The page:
by Leah DeShay, IBCLC
The days are getting shorter, the heat is dying down, the autumn equinox has passed, Starbucks has pumpkin spice and this all means one thing: it’s fall!
While many, if not most of us, enjoy the relief of return to school schedule after fun but tiring summer breaks, there’s hidden challenges for growing families: juggling school schedules when you are breastfeeding or pumping, especially for a new baby.
I myself, even as an Infant Feeding Specialist and IBCLC, just had a new baby this past summer and adjusting to elementary and preschool schedules while breastfeeding and pumping for my newborn has been more than I bargained for. Those of you in the same boat might find some of the following issues familiar:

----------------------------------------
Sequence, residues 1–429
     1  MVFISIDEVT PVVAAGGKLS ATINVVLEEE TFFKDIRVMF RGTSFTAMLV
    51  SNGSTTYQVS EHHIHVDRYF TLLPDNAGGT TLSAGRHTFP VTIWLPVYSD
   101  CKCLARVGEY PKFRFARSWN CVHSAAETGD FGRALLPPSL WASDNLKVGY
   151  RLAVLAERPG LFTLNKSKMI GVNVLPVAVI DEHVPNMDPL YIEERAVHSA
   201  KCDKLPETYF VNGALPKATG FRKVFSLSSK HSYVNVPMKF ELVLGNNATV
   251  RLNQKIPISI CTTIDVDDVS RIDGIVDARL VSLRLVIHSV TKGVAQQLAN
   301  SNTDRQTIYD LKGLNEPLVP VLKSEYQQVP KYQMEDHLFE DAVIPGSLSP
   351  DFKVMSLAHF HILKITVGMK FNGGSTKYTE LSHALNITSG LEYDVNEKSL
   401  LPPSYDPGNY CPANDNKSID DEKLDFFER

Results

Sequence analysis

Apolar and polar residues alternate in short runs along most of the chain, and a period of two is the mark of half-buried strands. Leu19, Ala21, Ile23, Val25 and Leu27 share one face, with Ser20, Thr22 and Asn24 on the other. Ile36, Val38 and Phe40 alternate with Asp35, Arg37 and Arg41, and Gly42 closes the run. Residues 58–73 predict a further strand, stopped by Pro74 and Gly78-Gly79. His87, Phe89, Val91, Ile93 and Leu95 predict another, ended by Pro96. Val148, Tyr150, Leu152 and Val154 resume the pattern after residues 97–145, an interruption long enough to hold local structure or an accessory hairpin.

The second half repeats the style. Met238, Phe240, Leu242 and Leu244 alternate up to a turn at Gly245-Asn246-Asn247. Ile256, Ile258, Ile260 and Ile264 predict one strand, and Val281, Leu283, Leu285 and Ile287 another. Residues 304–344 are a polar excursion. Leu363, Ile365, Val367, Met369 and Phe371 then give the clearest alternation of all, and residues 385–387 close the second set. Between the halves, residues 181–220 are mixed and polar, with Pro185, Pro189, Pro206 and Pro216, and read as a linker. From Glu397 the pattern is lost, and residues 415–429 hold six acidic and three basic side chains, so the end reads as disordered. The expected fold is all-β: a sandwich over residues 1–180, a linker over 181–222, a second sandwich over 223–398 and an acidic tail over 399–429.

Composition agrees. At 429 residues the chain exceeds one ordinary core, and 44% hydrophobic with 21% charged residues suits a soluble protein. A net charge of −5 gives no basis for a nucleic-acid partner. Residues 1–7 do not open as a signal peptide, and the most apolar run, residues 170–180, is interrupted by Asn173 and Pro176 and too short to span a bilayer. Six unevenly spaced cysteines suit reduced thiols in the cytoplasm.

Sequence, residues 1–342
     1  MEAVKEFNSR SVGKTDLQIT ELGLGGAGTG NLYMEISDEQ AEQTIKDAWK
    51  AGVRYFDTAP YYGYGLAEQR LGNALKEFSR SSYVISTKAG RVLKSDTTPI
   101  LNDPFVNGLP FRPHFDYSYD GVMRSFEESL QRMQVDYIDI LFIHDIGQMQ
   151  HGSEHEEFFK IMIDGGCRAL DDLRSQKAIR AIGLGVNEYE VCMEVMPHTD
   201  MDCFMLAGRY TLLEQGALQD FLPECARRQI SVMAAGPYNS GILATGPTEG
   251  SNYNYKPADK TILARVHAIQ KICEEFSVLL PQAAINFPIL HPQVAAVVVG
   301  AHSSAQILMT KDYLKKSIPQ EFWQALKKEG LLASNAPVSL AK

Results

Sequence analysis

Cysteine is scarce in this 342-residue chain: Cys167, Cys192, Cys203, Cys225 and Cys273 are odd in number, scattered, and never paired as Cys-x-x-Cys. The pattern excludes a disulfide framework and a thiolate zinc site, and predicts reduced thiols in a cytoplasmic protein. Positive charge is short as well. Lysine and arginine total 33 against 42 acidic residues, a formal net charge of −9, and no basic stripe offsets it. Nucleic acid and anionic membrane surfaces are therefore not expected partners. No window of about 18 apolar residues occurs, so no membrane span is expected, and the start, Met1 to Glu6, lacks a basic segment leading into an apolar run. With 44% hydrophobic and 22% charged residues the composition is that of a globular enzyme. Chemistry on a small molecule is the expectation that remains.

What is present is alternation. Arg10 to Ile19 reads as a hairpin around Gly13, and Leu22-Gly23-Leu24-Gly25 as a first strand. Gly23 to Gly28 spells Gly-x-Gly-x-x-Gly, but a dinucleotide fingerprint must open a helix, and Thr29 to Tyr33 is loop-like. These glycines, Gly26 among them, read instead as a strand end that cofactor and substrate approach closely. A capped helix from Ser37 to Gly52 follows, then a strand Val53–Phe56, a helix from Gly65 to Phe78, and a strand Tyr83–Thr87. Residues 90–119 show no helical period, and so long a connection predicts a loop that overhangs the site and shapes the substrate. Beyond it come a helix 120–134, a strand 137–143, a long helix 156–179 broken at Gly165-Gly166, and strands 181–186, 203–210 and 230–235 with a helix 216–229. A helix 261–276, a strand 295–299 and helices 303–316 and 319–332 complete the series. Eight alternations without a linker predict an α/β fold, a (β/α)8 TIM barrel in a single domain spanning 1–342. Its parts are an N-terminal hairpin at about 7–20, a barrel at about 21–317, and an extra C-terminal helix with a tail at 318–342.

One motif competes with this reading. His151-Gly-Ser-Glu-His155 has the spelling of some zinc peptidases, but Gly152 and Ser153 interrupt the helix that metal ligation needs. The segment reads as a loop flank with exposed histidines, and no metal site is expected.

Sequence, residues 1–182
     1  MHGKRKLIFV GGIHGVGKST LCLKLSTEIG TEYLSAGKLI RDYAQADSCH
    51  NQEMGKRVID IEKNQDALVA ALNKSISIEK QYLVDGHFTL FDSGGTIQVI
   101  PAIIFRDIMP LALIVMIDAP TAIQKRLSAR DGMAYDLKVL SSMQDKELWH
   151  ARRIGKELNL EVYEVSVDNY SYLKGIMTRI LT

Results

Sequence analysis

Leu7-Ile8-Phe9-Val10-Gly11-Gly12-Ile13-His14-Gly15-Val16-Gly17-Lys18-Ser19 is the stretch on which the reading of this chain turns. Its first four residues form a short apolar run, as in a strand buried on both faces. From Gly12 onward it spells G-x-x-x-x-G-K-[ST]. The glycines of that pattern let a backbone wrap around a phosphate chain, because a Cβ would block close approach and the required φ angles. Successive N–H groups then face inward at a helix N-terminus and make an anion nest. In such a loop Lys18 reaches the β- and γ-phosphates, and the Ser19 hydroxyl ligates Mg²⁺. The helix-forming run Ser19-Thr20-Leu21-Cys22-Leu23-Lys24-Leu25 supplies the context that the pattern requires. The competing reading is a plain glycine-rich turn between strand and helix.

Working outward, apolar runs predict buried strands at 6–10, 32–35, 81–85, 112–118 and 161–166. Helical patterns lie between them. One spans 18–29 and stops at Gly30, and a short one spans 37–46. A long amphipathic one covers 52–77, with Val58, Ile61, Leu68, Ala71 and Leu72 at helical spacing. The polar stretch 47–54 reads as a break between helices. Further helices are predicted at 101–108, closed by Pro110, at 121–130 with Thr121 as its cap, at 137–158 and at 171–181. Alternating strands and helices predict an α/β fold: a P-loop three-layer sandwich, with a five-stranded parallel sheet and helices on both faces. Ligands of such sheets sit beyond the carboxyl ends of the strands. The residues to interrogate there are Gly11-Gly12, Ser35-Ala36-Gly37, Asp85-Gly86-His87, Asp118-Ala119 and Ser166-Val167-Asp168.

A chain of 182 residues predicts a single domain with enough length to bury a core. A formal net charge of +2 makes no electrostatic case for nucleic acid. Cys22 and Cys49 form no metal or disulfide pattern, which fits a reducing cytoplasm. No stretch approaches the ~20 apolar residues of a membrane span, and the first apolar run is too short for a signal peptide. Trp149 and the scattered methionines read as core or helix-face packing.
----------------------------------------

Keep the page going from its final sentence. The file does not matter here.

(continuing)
– Engorgement during the commute
– Diaper changes and extra feeds threatening tardiness
– Leaking while driving/dropping off
– Helping older children prepare for school while caring for a new baby
– Traffic on the commute interfering with supply
What a juggling act for any parent! And while corralling more than one kid to school- especially multiple schools- is enough to make anyone feel like they’re in a circus, adding a new born makes the kids the ring leader! How do you bring things down to a dull roar long enough to at least enjoy the show? Here are some ways I’ve tried, and my experience this school year so far.